5. (4.) Tyson Chandler, Dallas Mavericks — 2010-11 stats: 59 GP, 27.7 MPG, 10.4 PPG, 0.4 APG, 9.4 RPG, 0.5 SPG, 1.1 BPG, .651 FG%, .000 3P%, .760 FT%, 19.0 PER
Dwight Howard is a lock for the All-Defensive First Team, but should Tyson Chandler be considered the favorite to make the second team? His effect on the Mavericks’ defense is undeniable, but he needs to stay out of foul trouble if he’s going to get his team over the hump in the playoffs — he logged five fouls in each of his last two games and only averaged 21 minutes in those games.
4. (3.) Andrew Bynum, Los Angeles Lakers — 2010-11 stats: 41 GP, 26.6 MPG, 11.3 PPG, 1.3 APG, 8.5 RPG, 0.3 SPG, 1.9 BPG, .573 FG%, .000 3P%, .691 FT%, 21.2 PER
When people talk about the “size problems” created by the Lakers’ frontcourt, they’re talking partially about Pau Gasol and Lamar Odom but what they’re really referring to is the intimidating effect of man-mountain Andrew Bynum. When he’s healthy and playing well, the Lakers are close to unbeatable — as we saw during their recent eight-game winning streak when he averaged 10.8 points, 12.1 rebounds and 3.0 blocks per game while the Lakers held their opponents to an average of 87 points per game.
3. (New entry) Amare Stoudemire, New York Knicks — 2010-11 stats: 63 GP, 36.9 MPG, 26.4 PPG, 2.6 APG, 8.3 RPG, 1.0 SPG, 2.0 BPG, .512 FG%, .455 3P%, .794 FT%, 23.9 PER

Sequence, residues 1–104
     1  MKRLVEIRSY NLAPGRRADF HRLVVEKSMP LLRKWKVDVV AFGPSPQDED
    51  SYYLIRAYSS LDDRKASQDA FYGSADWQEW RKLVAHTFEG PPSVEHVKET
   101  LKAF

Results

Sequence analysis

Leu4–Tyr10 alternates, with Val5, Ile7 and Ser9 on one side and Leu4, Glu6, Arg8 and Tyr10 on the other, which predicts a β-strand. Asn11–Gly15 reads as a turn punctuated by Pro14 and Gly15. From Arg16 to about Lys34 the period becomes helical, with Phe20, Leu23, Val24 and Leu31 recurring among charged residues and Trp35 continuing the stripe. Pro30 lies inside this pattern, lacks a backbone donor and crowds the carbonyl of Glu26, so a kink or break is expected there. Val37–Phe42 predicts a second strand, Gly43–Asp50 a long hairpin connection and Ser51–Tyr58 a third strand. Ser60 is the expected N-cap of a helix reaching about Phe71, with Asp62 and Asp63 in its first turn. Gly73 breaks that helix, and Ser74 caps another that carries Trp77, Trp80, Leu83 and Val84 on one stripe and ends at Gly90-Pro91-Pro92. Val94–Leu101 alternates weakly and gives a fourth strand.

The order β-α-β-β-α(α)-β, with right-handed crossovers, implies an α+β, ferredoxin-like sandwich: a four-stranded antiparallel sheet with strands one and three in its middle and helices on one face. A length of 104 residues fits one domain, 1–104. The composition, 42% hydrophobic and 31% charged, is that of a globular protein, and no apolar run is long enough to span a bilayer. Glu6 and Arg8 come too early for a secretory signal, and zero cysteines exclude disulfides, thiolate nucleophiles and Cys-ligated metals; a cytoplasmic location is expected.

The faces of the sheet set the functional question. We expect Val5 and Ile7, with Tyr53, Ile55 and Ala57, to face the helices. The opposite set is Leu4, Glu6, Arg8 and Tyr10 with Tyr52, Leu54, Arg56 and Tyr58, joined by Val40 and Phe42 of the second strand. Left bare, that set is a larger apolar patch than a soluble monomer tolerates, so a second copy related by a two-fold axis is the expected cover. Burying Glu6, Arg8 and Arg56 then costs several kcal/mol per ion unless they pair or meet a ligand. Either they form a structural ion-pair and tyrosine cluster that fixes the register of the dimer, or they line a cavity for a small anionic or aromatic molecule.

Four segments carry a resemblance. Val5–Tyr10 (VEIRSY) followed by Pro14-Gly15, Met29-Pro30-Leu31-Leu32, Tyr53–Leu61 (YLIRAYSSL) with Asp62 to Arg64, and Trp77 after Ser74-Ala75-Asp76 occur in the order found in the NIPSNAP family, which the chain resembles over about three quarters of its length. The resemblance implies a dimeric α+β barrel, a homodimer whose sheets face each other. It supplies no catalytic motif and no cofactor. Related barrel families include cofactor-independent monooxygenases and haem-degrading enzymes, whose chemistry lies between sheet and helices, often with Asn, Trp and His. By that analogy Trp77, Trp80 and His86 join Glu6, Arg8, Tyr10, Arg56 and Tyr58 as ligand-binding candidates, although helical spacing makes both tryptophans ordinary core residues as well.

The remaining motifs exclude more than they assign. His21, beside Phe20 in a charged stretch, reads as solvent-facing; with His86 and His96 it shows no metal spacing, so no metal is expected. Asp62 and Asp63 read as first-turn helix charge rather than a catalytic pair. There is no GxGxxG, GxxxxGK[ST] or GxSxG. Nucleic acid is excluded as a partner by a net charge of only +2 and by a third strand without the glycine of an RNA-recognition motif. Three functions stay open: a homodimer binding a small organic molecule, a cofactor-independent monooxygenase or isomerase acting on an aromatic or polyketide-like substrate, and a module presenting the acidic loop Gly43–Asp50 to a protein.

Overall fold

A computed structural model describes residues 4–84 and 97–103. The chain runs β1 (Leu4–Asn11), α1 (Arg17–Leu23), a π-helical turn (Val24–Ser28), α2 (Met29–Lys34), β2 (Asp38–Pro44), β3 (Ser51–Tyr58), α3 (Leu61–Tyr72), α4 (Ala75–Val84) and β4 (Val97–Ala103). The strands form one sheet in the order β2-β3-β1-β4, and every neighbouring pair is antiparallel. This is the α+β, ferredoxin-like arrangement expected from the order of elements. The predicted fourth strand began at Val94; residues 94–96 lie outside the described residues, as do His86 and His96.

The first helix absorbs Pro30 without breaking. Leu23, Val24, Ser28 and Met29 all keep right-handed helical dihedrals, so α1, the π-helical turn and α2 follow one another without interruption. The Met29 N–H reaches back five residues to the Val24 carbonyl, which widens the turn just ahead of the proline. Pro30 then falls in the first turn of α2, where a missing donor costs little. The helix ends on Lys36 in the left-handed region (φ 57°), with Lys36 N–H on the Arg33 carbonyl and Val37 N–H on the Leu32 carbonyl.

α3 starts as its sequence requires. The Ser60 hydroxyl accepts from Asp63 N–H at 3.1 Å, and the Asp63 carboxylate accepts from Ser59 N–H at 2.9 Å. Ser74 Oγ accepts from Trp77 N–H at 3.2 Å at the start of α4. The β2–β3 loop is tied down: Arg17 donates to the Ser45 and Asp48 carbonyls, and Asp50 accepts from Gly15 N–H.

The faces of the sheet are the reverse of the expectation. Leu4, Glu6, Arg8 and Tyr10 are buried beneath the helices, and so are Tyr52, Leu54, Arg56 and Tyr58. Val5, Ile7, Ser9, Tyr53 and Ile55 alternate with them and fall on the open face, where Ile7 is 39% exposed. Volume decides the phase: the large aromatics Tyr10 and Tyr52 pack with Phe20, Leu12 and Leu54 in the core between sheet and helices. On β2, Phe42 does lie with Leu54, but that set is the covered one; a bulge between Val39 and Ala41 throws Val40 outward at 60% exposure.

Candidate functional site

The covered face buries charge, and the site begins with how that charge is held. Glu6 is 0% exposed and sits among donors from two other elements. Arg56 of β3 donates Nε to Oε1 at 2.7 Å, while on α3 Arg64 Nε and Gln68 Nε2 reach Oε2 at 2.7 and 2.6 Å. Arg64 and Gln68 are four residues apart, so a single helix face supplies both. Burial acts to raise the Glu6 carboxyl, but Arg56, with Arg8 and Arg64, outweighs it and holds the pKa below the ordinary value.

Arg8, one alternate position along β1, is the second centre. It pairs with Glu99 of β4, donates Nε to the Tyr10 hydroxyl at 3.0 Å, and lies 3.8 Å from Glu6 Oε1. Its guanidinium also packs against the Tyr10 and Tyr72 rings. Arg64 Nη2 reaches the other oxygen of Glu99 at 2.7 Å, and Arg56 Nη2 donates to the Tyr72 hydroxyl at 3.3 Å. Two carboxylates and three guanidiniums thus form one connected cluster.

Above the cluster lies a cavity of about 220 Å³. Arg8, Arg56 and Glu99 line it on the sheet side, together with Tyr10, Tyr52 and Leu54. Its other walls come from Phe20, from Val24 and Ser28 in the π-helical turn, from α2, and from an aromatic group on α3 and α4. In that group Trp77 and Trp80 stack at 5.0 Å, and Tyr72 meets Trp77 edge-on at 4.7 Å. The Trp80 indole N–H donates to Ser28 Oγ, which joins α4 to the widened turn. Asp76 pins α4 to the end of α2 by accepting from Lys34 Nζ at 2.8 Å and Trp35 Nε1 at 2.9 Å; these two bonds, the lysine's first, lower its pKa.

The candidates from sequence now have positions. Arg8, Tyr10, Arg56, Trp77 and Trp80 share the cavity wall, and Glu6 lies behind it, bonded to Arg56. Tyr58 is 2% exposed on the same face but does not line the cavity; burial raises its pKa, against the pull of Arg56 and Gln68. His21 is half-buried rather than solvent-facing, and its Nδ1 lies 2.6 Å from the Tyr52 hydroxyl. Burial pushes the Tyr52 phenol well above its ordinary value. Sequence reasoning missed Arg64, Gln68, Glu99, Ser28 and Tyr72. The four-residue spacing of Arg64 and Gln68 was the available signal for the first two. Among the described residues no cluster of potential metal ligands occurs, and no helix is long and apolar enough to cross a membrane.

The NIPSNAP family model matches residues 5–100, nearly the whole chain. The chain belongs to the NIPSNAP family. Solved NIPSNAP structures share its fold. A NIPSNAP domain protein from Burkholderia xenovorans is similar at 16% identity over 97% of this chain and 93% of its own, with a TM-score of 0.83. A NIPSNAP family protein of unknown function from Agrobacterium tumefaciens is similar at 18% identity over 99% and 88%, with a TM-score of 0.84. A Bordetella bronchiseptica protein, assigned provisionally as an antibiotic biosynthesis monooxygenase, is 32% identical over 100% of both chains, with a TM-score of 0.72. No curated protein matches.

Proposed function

He’s back to playing most of his minutes at center, which probably suits Knicks coach Mike D’Antoni just fine regardless of what Stoudemire thinks about it. He needs to be careful about technical fouls going forward even though the NBA rescinded the tech called on him on Thursday — his next T will be his 16th and will cause him to be suspended for one game.
2. (2.) Al Horford, Atlanta Hawks — 2010-11 stats: 60 GP, 35.2 MPG, 16.1 PPG, 3.6 APG, 9.9 RPG, 0.8 SPG, 1.0 BPG, .567 FG%, .500 3P%, .804 FT%, 22.2 PER
He’s still playing out of position, and he’s still better at that position than all but one other player in the NBA. Hawks coach Larry Drew says that Horford has started embracing a leadership role on the team: “He is taking that role of being one of the leaders on the team and not afraid to put the team on his back. … When he is playing with that kind of swagger and that kind of energy, you can see the other guys kind of latch on.”
1. (1.) Dwight Howard, Orlando Magic — 2010-11 stats: 62 GP, 37.2 MPG, 23.0 PPG, 1.3 APG, 13.9 RPG, 1.2 SPG, 2.3 BPG, .599 FG%, .000 3P%, .588 FT%, 26.0 PER
Like Stoudemire, Dwight finds himself in technical jeopardy at this crucial stage of the season. He’s already picked up his 16th technical foul and served a one-game suspension on Monday as the Magic predictably lost to the Trail Blazers. I’ve been backing Dwight for MVP consideration lately, but the Magic are five games behind Derrick Rose and the Bulls in the standings with 15 Orlando games remaining — meaning that Howard’s chances of beating out Rose for the award are slim to none, and slim just bounced.